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NASA Makes Last Attempt to Recover Philae from Comet 67P

Philae, as it should have landed

(Mirror Daily, United States) – We were all so excited last year when NASA landed Philae on the Comet 67P, but we weren’t really dismayed when we found out that it probably couldn’t be recovered. As the giant floating dust covered snowball is drifting away, NASA makes last attempt to recover Philae from Comet 67P.

Sometime last year, the appropriately named Rosetta spacecraft dropped off the also appropriately named Philae drone on the passing 67P comet.

The idea behind the mission was to collect some never before seen data from the comet as it passed by, followed by Philae’s relatively prompt return to Earth.

The names were given because it was expected that the collected data will provide some extraordinary insight into other comets of 67P’s type.

However, the mission showed bad signs from the get go, as the Rosetta spacecraft, after 10 years in orbit preparing for this mission, came in for too abrupt of a landing, causing the Philae probe to bounce repeatedly off the comet’s surface, and even to land in the wrong spot, blocking it from the sun and thus from its only source of power.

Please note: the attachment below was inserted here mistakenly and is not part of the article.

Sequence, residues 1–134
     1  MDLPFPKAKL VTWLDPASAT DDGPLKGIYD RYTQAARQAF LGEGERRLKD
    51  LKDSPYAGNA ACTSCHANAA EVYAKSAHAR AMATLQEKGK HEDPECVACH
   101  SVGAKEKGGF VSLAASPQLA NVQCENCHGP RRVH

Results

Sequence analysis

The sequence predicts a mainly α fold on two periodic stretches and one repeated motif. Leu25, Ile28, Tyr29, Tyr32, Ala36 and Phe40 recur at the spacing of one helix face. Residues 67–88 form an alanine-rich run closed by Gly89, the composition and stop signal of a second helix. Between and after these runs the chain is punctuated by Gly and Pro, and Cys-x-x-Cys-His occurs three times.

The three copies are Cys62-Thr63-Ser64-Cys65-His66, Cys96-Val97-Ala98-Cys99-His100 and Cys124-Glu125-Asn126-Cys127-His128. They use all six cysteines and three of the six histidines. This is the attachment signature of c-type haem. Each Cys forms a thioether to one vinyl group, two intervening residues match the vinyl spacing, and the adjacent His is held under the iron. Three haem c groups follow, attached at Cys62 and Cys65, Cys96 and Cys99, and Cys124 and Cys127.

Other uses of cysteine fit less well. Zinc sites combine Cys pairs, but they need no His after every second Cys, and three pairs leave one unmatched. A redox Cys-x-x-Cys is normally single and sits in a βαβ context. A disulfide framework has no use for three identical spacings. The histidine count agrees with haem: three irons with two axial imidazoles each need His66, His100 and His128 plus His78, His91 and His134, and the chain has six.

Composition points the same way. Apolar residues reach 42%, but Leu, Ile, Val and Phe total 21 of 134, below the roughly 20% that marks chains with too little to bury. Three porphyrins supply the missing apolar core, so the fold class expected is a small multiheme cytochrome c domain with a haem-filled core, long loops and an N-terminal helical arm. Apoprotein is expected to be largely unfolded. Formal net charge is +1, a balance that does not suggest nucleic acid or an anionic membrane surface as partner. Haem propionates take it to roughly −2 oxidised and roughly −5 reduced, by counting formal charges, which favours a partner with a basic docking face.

Despite its rough landing and subsequent lack of a way to power up, the Philae probe managed to recover partially, being able to send some very important data back to Earth.

Now, despite previous attempts failing, NASA is trying for one last time to awaken the Philae, so that it can fly off and go rejoin Rosetta for its final ride home.

However, due to the fact that the comet is on its way out of our solar system, the Agency holds very slim hopes that it will work. Although the attempt will be performed sometime this month, it might already be too late for the extremely helpful probe, as it will probably remain on the 67P comet until one of them gets destroyed.

With all the things that went bad for the mission, the Philae did manage to send back some extremely important information.

The probe provided the scientists with unique information about a comet, information that wouldn’t have been accessible otherwise. The scientists working on the project claim that future missions will be forever changed due to the information they got from the comet.

Sixteen organic molecules never before seen on a comet were found on 67P by Philae, among which were acetamide, acetone, methyl isocyanate, and propionaldehyde.

One of the scientists involved also claimed that the findings on the comet will greatly impact studies on the origin of life.

Image source: Wikimedia

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